Feeling Hazy? New Study Says Get Back to Your Workout
Active mice deprived of exercise show cognitive decline -- and slow brain growth
If you’ve ever taken a few days off from working out only to feel hazy and anxious, you’ll be interested in the findings from a group of Japanese and Spanish researchers.
When the scientists took away running wheels from mice that exercised regularly, the animals became anxious and stopped growing as many new cells in the part of the brain responsible for memory and spatial navigation. The findings of the study were published in the journal Behavioral Brain Research.
For the study, the researchers allowed a group of young mice to use a running wheel through their early adulthood at about 12 weeks. They then put some of the mice in cages without wheels for nine weeks. At the end of this session, researchers performed behavioral tests on both groups, as well as on mice that had never had access to a running wheel.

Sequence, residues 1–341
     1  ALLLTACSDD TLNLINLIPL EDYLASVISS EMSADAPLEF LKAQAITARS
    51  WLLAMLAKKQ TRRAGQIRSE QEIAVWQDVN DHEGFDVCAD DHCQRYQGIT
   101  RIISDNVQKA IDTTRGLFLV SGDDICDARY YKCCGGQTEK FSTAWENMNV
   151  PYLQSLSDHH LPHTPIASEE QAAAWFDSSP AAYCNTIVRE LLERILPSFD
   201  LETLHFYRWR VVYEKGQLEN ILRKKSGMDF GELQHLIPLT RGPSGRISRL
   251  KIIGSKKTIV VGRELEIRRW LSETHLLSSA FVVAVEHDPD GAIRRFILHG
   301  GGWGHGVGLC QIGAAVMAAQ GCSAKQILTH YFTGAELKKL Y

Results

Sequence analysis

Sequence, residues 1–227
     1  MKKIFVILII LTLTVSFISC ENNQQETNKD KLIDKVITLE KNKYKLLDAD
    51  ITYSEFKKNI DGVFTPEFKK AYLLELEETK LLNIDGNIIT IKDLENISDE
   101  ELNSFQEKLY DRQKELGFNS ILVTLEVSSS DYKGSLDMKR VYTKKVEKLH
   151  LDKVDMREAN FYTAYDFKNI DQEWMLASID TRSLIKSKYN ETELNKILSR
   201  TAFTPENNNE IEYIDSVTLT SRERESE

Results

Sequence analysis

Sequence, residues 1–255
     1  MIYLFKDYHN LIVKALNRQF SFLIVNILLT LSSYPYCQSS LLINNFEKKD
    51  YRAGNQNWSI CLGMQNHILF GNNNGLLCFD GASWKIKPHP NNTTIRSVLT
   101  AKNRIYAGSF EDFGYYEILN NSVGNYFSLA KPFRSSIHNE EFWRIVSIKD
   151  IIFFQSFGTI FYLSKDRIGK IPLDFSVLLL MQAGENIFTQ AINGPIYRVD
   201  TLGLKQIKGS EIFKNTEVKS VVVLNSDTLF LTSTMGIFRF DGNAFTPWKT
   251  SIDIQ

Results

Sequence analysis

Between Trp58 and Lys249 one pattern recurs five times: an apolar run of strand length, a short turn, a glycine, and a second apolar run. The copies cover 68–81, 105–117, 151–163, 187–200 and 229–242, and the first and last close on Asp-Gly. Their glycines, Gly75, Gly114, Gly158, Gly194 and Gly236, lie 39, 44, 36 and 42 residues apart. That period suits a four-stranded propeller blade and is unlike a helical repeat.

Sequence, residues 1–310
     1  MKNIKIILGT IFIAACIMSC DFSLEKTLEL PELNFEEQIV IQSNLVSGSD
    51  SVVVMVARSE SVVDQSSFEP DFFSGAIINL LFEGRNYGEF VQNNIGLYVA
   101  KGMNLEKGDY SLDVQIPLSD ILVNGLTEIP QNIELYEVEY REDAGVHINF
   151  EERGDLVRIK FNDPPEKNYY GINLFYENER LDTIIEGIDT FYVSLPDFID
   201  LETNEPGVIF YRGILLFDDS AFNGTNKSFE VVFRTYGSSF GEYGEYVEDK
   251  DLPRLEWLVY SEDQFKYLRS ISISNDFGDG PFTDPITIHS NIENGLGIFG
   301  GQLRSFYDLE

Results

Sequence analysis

The running mice that were deprived of wheels showed more signs of anxiety than other mice—even those who had been sedentary their whole lives.
The researchers also measured changes in brain cell growth by injecting mice with a chemical two weeks before the mice were killed. While mice who continued to run grew significantly more new brain cells in the hippocampus, the mice whose routine was interrupted experienced a massive shift in cell development. The decline didn’t just bring them back to the normal level (as measured by the always-sedentary mice), their cell development actually became the slowest of any of the mice groups.
The researchers concluded that a reduction in physical activity could be a risk factor for impaired hippocampal function.
Takeshi Nishijima, the lead researcher, believes the findings can apply to humans because many situations can lead to decreased activity, such as jobs, disease or retirement from sports.